• 3 The primary symptoms in patients with uterine leiomyoma include feelings of pressure and pain in the pelvis, which tend to worsen as the size of the leiomyoma increases. (jaoa.org)
  • In order to avoid that outcome, it is advisable to electively repair Grynfeltt hernias in patients without significant contraindications to surgery. (hindawi.com)
  • The main outcome is the level of ADL functioning six months after discharge compared to premorbid functioning measured with the Katz ADL index. (uva.nl)
  • The aim of this study was to validate the predictive value of serial creatinine concentrations and to study the utility of cystatin C and neutrophil gelatinase-associated lipocalin (NGAL) as predictors of outcome in patients with acute paraquat poisoning. (biomedsearch.com)
  • In the hypothermia group, 49% survived with a good neurologic outcome (discharged home or to rehabilitation facility), while only 26% in the normothermia group survived with good neurologic outcome ( P = .046). (uspharmacist.com)
  • Sensitivity analyses were also performed by calculating patient demographic-and case-mix-adjusted COV values for each outcome using weighted age- and sex-standardized values. (ajmc.com)
  • The Changing Lives by Eradicating Antibiotic Resistance, or CLEAR, trial divided 2,121 adult patients at random into one of two groups. (rush.edu)
  • Although rhabdomyosarcoma (RMS) is rare in adults, accounting for 2 to 5 percent of adult sarcomas, approximately 40 percent of RMS cases arise in adults. (scirp.org)
  • In 2009, only 63% of patients in the adult emergency department (ED) at Auckland City Hospital were admitted, discharged or transferred from ED within 6 hours of arrival. (nzma.org.nz)
  • From 2001 to 2010, rates of CDI among hospitalized adults rose from 4.5 to 8.2 CDI discharges per 1,000 total adult hospital discharges. (apic.org)
  • The efficacy, safety and tolerability of eslicarbazepine acetate (ESL) has been demonstrated in three phase III double-blind, randomised placebo-controlled trials in 1,049 adult patients with partial onset seizures (2-4). (science20.com)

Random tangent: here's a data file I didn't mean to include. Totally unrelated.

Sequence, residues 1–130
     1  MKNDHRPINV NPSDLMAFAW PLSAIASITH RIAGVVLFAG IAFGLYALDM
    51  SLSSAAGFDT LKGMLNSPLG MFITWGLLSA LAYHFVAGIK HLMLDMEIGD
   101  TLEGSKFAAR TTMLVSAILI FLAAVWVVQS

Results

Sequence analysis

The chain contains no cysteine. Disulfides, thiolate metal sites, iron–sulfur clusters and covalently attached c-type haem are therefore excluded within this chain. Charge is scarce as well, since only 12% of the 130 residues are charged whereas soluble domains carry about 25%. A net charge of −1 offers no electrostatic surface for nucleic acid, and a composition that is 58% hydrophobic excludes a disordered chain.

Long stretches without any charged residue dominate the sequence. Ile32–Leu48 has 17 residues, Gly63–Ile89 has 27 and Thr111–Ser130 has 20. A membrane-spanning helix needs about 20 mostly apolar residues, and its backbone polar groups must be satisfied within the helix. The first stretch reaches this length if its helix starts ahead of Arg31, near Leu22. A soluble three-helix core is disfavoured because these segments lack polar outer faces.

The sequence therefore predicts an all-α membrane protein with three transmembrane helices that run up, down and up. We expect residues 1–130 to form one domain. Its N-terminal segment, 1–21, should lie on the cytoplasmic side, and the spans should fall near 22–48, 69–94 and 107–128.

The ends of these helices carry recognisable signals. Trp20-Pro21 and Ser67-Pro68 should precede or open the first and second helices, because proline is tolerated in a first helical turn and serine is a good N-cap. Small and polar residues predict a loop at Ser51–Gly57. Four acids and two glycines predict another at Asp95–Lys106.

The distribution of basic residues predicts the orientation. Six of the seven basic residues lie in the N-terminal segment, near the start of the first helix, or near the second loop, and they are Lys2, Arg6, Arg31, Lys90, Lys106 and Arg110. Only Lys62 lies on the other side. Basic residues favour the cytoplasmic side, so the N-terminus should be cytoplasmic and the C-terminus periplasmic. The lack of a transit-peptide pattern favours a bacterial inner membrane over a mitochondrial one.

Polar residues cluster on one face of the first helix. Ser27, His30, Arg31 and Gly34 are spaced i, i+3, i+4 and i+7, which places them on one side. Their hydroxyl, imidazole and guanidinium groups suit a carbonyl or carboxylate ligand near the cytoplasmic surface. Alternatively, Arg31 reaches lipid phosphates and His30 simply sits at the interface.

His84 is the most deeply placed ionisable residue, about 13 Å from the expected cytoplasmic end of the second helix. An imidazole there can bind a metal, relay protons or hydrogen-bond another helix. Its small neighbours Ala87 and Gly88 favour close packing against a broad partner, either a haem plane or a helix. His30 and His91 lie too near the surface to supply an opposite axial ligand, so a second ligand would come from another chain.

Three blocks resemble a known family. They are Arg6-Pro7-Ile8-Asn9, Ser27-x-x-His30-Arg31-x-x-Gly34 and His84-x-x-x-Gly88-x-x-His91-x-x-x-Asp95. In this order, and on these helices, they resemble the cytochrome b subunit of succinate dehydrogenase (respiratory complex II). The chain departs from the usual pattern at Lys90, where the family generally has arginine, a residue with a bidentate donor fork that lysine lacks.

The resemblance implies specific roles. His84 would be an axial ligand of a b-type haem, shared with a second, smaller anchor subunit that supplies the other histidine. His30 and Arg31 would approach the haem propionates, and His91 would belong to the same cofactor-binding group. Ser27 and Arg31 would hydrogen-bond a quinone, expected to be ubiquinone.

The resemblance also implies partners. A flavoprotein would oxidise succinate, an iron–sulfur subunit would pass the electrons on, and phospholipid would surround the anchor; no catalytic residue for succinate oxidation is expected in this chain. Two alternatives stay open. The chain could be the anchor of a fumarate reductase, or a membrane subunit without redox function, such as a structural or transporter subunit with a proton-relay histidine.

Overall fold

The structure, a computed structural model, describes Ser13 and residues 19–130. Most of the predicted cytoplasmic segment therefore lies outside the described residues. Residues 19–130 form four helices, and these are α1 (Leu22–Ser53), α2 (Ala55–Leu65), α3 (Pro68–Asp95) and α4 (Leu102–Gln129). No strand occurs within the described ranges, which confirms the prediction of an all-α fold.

• This study was a single-center, randomized, double-blinded, placebo-controlled intervention trial involving adult patients with planned transsphenoidal surgery for pituitary tumors randomized into 2 groups. (thejns.org)
  • The EEG during seizures is most often high-voltage (200-400 µV) generalized discharges, which may appear to have a focal onset. (medscape.com)
  • however, patients experience symptom onset before discharge in only 24.2% of cases. (uspharmacist.com)
  • Epilepsy is one of the most common neurological diseases, affecting approximately 1 in 100 people - and the successful treatment of partial-onset seizures (the most common type of epilepsy) remains a challenge. (science20.com)
  • Nick Burgin, Managing Director Eisai in the UK, said The effective treatment of patients with partial-onset seizures remains a major challenge for clinicians as well as for patients with epilepsy and their families. (science20.com)
  • The patient had an uneventful postoperative course and was discharged without development of neurological sequelae. (nih.gov)
  • Postural control is the ability of the body to balance an upright body position under the influence of gravity.The aim of the study is to investigate whether training with the Galileo device by means of vibration on the soles of the feet and / or by changing the position to 15 ° can improve the postural control and thus the postoperative mobilization of patients. (clinicaltrials.gov)
  • 7 The spores are resistant to environmental insults (e.g., pH and temperature), and transmission typically occurs from workers and the environment to patients. (uspharmacist.com)
  • Doc, my wife got lots of white vaginal discharge till today, before she was pregnant she never had this kind of discharges, i know that discharging do occurs during pregnancy untill date of delivery but now its been already more than a month but her discharges seems to be increasing more than before, is there any relationship with the virus(HIV) in her body? (thebody.com)
  • Of 902 patients admitted to hospital, who did not undergo cardioversion or catheter ablation, 41% were prescribed aspirin either alone or in combination with an anticoagulant. (pulsetoday.co.uk)